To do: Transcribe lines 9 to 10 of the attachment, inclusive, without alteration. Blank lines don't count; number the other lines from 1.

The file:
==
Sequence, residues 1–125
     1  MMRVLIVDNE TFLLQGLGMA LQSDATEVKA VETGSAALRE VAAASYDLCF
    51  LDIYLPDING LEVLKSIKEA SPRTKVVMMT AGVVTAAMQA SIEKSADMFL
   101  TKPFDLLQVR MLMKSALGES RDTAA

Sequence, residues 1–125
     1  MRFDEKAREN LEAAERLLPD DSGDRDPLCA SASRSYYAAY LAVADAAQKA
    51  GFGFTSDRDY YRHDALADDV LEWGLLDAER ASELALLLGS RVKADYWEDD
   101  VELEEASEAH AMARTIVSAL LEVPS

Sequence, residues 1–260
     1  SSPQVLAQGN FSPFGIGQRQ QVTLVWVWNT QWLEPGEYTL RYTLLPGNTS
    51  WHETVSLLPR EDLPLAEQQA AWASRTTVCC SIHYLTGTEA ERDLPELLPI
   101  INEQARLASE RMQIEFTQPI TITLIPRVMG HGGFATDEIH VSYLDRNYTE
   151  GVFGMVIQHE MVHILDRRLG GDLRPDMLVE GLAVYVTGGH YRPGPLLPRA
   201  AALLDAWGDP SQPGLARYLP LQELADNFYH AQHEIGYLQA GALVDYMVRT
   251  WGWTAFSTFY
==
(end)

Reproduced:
Sequence, residues 1–260
     1  SSPQVLAQGN FSPFGIGQRQ QVTLVWVWNT QWLEPGEYTL RYTLLPGNTS